@findleyr FWIW, one issue I ran into with TypeParam.Index is there can be multiple ambient type parameter lists (example), and you still need to disambiguate which one the TypeParam was from. Adding an Owner accessor (e.g., #45935 (comment)) would help somewhat, but still seems like it requires the user to do some of their own book keeping based on syntactic context.

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@findleyr findleyr commented Oct 6, 2021

@mdempsky thanks for that perspective. Index is not a sufficient identifier on its own, though the combination of Owner with Index would be a valid identity. But I don't want to introduce Owner at this point in the proposal process: we can have a separate proposal or defer this to 1.19.

I think Index is useful enough on its own though, as it allows answering the intrinsic question "has this type parameter been bound?". In could also be useful in some contexts where the ambient type parameter list is implied, but not in scope, for example when formatting an error message. These are small benefits, but I see little downside to exposing it at this point.

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@gopherbot gopherbot commented Oct 6, 2021

Change https://golang.org/cl/354370 mentions this issue: go/types: export TypeParam.Index and remove TypeParam._SetId

@schroederc
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@schroederc schroederc commented Oct 6, 2021

Since TypeParam.Index() is not sufficient for determining a type parameter's root declaration (#45935 (comment)), will there be another supported path in 1.18 for Kythe to use?

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@findleyr findleyr commented Oct 6, 2021

@schroederc right now the assumption is that it should be possible to do bookkeeping based on context. Can you give an example of why this is difficult to do for Kythe? We can certainly consider additional APIs that would help you, though I don't think that should block this proposal -- we'd open a separate proposal.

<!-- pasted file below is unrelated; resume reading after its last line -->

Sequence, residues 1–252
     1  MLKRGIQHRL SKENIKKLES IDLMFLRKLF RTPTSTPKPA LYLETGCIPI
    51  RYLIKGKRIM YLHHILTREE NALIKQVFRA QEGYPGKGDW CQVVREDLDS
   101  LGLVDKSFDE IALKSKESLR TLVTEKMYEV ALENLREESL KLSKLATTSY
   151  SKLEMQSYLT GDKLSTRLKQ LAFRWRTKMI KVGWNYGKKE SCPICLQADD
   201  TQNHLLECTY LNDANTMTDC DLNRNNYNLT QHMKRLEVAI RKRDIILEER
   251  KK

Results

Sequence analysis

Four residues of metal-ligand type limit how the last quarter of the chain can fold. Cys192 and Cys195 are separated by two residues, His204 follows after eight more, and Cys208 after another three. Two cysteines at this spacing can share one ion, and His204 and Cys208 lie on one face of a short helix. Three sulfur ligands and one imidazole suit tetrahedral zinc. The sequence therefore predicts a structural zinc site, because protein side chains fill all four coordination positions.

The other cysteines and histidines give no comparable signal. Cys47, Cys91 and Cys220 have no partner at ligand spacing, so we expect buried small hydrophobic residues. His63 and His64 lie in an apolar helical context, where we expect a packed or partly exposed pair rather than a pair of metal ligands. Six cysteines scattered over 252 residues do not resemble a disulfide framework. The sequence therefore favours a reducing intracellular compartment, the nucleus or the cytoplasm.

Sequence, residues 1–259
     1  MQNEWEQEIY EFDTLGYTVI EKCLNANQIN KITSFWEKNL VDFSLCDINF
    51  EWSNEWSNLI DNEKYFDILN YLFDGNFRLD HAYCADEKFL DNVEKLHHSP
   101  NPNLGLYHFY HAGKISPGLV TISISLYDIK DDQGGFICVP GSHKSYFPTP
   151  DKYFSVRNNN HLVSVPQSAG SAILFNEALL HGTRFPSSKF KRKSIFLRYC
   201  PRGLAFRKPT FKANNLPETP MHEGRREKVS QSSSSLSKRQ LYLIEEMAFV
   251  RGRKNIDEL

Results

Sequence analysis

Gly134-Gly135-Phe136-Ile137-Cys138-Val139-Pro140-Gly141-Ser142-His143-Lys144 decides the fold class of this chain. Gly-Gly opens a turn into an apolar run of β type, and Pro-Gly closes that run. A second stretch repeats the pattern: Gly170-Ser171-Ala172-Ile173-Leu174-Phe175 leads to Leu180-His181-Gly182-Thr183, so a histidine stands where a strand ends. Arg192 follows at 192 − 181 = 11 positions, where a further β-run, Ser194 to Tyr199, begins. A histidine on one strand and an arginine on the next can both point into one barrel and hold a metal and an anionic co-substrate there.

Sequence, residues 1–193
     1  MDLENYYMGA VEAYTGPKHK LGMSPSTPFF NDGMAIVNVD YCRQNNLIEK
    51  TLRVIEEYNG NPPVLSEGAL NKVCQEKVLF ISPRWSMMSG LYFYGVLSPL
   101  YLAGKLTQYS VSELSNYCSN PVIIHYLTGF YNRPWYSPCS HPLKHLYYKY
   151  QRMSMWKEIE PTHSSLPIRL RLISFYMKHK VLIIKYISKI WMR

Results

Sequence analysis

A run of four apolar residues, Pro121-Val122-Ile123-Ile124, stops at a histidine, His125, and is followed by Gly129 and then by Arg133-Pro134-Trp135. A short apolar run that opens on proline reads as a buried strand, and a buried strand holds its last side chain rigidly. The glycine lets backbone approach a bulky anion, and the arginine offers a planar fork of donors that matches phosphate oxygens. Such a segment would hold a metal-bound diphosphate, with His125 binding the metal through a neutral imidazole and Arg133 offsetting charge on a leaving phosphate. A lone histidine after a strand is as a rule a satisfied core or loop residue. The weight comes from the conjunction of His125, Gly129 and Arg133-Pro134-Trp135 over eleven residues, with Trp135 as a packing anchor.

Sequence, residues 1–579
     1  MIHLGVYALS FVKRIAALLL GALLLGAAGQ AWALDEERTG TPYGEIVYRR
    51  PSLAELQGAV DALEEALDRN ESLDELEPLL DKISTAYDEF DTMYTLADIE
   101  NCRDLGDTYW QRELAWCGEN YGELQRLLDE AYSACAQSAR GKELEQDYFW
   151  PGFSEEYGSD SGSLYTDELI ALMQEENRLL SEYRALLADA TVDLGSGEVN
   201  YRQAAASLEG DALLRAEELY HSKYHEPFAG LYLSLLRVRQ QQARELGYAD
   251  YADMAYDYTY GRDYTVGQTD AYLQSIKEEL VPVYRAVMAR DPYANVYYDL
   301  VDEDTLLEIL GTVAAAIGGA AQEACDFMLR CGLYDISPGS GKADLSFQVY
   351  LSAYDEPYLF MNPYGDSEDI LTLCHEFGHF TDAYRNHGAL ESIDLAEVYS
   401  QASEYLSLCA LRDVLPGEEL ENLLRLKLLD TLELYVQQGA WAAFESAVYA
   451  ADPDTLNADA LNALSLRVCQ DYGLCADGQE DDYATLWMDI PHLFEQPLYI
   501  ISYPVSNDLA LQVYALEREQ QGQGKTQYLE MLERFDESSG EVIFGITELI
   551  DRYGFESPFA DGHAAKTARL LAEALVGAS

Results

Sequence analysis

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@mdempsky mdempsky commented Oct 6, 2021

I think Index is useful enough on its own though, as it allows answering the intrinsic question "has this type parameter been bound?". In could also be useful in some contexts where the ambient type parameter list is implied, but not in scope, for example when formatting an error message. These are small benefits, but I see little downside to exposing it at this point.

I'm conservatively a bit hesitant about exposing it, because we've never needed a Var.Index for associating parameters to their Tuple index.

Since TypeParam.Index() is not sufficient for determining a type parameter's root declaration (#45935 (comment)), will there be another supported path in 1.18 for Kythe to use?

Can you elaborate a bit on the ultimate goal you're trying to achieve and the concrete problems you're running into?

Generally, the approach I took within the compiler (for unified IR, which I suspect needed to do similar analysis to Kythe) was to first walk the AST keeping track of which TypeParams are in scope at each point so I can assign them absolute indices (as opposed to TypeParam.Index, which gives a relative index within just its own TypeParamList). Then when within a method body, canonicalize the first N TypeParams back to the receiver type's type param list instead of the method's.

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@findleyr findleyr commented Oct 6, 2021

I'm conservatively a bit hesitant about exposing it

OK, I'm going to hold off on https://golang.org/cl/354370 until we understand the use-case a bit better.

The proposal meeting is this afternoon, and I'd very much like to start the process of locking in the APIs proposed here. Pending discussion, perhaps we can have a separate issue around exposing TypeParam.Index and/or TypeParam.Owner, and any other information that would be useful for use-cases like Kythe, once we understand them better.